April 22nd, 2013

Selections from Richard Lehman’s Literature Review: April 22nd

CardioExchange is pleased to reprint selections from Dr. Richard Lehman’s weekly journal review blog at BMJ.com. Selected summaries are relevant to our audience, but we encourage members to engage with the entire blog.

JAMA  17 Apr 2013  Vol 309

Prevalence of a Healthy Lifestyle Among Individuals with CV Disease in High-, Middle-, and Low-Income Countries (pg. 1613): As the saying goes, death is Nature’s way of telling you to slow down. Short of death, coronary heart disease and stroke could be thought of as timely reminders to get fit. But people who have CHD or stroke seem remarkably resistant to heed Nature’s warning: in rich countries and poorer countries alike, they continue to have sedentary lifestyles, and few alter their diet. But at least 50% of them give up smoking.

NEJM  18 Apr 2013  Vol 368

Nonemergency PCI at Hospitals with or without On-Site Cardiac Surgery (pg. 1498): Many hospitals in the USA offer percutaneous coronary intervention although they lack on-site cardiac surgery facilities should things go wrong. This study of Massachusetts hospitals shows that non-emergency PCI has now become such a safe procedure that it there is no difference in outcomes between hospitals with or without on-site surgical rescue.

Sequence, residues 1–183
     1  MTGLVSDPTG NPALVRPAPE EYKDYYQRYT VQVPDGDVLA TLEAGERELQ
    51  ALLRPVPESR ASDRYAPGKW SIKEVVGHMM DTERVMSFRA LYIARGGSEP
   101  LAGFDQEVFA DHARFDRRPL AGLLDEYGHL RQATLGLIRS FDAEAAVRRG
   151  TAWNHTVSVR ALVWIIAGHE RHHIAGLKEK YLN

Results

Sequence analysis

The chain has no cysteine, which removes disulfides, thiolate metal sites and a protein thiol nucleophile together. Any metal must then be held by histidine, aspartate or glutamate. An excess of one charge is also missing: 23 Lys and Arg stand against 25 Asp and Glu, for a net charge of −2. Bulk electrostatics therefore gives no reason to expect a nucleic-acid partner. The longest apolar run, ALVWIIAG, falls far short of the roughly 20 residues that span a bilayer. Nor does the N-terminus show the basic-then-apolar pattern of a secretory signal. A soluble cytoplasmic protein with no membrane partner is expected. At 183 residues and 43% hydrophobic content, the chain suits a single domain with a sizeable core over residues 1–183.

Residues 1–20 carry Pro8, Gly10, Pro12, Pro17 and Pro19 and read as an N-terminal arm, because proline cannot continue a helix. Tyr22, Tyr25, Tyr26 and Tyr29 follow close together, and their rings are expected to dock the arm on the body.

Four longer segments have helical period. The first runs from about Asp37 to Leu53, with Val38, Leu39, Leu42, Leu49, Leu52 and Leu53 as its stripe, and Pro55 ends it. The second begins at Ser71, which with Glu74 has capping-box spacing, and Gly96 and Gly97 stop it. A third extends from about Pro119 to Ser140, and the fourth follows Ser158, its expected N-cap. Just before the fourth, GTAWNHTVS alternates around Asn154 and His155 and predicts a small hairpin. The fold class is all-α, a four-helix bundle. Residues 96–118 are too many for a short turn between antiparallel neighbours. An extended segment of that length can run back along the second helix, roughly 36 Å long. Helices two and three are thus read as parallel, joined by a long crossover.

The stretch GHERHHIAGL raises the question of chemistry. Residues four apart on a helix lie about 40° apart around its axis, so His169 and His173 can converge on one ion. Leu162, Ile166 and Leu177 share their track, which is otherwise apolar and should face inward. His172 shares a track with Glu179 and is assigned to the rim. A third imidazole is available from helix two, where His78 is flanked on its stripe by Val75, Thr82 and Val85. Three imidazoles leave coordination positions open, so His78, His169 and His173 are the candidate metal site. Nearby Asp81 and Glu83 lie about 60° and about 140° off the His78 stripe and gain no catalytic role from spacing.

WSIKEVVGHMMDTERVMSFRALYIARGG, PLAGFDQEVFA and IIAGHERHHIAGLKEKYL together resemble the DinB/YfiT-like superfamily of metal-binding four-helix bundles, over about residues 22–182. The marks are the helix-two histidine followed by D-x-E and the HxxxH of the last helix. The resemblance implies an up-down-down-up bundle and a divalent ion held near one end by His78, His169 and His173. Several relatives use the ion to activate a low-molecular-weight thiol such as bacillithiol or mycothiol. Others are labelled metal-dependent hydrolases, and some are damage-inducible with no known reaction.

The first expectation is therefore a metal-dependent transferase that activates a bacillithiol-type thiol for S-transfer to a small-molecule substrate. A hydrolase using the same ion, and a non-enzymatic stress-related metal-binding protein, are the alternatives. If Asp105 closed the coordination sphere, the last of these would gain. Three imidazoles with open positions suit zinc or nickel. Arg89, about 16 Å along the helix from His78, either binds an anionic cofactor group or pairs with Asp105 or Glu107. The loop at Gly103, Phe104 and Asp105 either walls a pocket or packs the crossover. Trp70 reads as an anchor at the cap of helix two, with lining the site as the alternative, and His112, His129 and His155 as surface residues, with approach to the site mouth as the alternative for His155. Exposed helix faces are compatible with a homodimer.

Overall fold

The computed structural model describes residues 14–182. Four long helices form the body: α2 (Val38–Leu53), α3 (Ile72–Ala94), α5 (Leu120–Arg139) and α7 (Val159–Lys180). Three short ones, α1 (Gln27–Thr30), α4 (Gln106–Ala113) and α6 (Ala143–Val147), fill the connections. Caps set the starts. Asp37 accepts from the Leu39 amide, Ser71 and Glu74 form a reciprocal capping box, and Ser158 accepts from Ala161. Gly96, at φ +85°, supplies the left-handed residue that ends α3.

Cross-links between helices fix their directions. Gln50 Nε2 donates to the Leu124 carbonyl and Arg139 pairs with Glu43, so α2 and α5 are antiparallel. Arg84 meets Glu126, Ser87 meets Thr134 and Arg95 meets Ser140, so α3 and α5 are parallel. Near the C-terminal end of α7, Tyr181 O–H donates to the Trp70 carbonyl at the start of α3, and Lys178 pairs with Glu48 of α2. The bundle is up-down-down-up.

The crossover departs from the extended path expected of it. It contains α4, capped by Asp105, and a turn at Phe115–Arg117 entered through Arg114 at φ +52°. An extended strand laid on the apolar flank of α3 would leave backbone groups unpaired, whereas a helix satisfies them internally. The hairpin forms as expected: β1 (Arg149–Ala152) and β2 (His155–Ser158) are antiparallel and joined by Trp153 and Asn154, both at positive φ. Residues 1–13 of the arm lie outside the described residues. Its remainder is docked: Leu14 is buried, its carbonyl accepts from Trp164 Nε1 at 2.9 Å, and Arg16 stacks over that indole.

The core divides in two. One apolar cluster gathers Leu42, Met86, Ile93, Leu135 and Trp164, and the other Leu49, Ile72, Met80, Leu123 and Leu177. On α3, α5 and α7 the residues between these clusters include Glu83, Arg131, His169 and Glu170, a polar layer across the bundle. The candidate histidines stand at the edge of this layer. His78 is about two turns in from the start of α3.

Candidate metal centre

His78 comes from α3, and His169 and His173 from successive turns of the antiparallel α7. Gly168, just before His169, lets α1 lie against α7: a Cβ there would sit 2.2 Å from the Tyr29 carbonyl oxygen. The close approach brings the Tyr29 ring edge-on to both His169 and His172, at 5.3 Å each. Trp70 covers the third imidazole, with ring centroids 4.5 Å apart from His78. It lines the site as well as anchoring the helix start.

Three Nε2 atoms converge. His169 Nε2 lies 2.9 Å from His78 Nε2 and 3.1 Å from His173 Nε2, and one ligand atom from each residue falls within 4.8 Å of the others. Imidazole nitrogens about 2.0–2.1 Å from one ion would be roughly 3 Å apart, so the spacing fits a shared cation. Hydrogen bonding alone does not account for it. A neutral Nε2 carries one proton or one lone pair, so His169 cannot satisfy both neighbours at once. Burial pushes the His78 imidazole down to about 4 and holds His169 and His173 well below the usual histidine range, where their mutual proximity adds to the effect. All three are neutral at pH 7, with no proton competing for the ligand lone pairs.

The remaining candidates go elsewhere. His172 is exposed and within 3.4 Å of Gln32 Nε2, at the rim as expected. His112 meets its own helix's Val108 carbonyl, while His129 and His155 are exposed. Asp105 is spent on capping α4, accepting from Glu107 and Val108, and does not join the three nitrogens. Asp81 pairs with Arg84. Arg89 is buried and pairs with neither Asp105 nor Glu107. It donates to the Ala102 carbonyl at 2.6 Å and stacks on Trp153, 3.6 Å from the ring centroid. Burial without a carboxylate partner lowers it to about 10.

BMJ  21 Apr 2013  Vol 346

Coronary Artery Calcium Score Prediction of All Cause Mortality and CV Events in People with Type 2 Diabetes: Here’s a systematic review of coronary calcium scoring in type 2 diabetes. The BMJ likes to publish systematic reviews, which are supposed to tell us what to believe from close study and aggregation of the best randomized trials. To read what I think about that, you’ll need to look at a piece of mine called Nullius in Verba which is out in the forthcoming issue of JAMA Internal Medicine. Systematic reviews need taking with a pinch of salt, as last week’s BMJ offerings proved. But back to coronary calcium scoring in diabetes: why do it in the first place? The obvious answer is to select high risk patients for more intensive treatment—the excuse always given for doing all sorts of futile prognostic testing. Coronary calcium scoring is useless for this—it has high sensitivity, but low specificity. Right then, don’t despair—let’s use it for identifying low risk patients for less intensive treatment. In theory, you could do this—but in practice, would you really want to subject all your diabetic patients to an expensive, high radiation procedure which would cause unnecessary anxiety in 20 for every lucky one who could then be offered one (statin) tablet less a day?

Comments are closed.